So what has happened to those kids? The school says they are investigating. So far, it seems no disciplinary action has been taken. Ironically, some of the bullies became targets themselves of some angry residents of their community, forcing local police to expend time and resources protecting them. Nice how that works, isn’t it? They commit a shameful act of cruelty and abuse, no one stops them or disciplines them, but then when other people get angry and threaten them, they get all kinds of police protection. Makes them seem like the victim. (Too bad no one cared enough to protect Mrs. Klein.)
With crystal clarity let me say there can be no condoning the threats against the kids. Violence toward these bullies only perpetuates the evil. They do not “deserve” to be harmed, nor do their families “deserve” death threats. They are children — badly behaved, poorly formed children — in dire need of having to endure some serious disciplinary consequences for their actions.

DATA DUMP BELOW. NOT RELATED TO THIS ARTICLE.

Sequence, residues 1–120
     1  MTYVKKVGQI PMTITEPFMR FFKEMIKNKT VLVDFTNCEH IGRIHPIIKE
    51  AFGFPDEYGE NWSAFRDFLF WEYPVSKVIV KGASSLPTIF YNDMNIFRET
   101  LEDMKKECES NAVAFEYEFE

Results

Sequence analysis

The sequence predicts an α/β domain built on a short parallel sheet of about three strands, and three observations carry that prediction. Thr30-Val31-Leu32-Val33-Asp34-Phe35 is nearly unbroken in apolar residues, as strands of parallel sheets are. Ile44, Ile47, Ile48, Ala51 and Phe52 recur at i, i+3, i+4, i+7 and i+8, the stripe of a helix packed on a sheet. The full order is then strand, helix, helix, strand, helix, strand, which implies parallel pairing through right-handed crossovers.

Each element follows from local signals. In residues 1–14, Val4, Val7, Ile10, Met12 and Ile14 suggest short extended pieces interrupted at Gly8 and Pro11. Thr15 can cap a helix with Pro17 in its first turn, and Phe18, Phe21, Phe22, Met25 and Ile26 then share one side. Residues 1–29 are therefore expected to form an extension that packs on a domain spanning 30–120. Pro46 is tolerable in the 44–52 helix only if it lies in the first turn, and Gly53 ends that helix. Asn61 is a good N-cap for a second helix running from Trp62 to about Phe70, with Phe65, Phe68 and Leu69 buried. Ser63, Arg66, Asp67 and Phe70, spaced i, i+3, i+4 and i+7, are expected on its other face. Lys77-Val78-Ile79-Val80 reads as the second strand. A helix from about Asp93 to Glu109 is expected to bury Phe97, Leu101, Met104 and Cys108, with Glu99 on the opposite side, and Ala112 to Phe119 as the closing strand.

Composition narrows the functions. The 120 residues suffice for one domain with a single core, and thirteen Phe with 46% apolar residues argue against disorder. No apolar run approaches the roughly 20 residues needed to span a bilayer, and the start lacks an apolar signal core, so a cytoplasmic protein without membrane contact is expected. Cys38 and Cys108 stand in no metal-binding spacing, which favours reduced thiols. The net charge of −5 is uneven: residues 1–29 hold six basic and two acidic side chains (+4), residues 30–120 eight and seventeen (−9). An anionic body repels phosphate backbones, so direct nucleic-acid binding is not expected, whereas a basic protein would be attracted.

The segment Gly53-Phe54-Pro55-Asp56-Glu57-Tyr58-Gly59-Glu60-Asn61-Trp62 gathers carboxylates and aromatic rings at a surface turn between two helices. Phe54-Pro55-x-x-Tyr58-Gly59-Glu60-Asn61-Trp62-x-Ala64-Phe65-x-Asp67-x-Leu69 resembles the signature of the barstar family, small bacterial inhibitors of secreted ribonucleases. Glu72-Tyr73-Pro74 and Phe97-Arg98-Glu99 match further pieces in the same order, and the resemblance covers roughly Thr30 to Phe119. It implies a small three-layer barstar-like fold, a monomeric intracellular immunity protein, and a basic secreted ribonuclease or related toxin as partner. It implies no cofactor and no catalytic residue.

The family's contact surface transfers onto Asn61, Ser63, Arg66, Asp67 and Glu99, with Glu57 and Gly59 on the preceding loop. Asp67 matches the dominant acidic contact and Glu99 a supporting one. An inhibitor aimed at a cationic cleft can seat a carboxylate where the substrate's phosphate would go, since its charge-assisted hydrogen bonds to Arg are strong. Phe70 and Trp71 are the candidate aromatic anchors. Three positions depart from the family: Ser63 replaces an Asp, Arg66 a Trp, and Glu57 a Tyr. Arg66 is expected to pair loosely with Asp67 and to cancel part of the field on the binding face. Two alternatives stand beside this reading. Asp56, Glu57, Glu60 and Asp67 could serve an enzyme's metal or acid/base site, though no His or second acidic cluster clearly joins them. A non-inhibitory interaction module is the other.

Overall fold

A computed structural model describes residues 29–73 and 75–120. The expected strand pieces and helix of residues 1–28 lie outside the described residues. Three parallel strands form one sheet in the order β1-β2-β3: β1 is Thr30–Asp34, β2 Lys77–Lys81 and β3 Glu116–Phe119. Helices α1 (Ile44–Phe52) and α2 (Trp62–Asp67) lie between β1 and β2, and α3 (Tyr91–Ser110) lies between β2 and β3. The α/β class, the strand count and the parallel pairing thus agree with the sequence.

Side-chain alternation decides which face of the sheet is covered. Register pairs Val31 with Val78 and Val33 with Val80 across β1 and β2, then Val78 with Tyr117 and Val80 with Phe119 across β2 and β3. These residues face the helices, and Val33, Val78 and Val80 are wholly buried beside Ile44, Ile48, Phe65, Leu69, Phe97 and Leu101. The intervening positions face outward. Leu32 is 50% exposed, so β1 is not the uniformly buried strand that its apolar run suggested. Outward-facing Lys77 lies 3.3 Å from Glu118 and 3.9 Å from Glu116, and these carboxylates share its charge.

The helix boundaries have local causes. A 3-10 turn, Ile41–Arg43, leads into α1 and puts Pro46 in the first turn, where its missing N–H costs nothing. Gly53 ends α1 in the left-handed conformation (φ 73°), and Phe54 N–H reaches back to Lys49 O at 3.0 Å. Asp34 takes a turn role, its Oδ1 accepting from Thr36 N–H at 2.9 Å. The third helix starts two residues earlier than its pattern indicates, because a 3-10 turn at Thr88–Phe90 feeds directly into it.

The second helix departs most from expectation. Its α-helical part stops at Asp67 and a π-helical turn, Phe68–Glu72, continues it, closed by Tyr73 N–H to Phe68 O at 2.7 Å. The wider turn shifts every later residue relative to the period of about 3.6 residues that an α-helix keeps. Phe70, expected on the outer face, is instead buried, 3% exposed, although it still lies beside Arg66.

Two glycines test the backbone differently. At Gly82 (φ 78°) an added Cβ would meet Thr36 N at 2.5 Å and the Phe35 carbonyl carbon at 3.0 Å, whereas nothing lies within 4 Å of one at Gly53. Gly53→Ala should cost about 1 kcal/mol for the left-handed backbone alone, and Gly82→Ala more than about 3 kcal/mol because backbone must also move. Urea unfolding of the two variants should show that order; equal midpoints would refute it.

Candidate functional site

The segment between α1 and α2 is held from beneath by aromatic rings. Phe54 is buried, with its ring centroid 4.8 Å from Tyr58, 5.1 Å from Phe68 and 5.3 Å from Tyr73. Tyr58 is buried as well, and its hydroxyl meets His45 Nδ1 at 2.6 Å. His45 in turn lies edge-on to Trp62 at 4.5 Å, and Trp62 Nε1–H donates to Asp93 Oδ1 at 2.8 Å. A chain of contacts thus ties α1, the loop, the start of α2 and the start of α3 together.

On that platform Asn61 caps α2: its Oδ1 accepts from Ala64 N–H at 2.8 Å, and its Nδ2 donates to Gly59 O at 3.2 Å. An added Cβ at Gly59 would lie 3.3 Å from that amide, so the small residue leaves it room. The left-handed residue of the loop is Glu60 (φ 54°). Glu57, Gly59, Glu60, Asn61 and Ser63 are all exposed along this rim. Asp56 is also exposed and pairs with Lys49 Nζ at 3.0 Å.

For starters, every single one of the kids involved should be expelled from school immediately. Since it was the end of the year, they should be expelled for the upcoming school year. Their behavior was atrocious and until they learn differently they’re not fit for public school. Next, the principal and their parents should get together and find a suitable service project to which the kids would devote at least 500 hours of their time over the next year. Serving the elderly and disabled should be the central theme. Physical labor should be required. (If any of this inconveniences Mom and Dad, too bad.)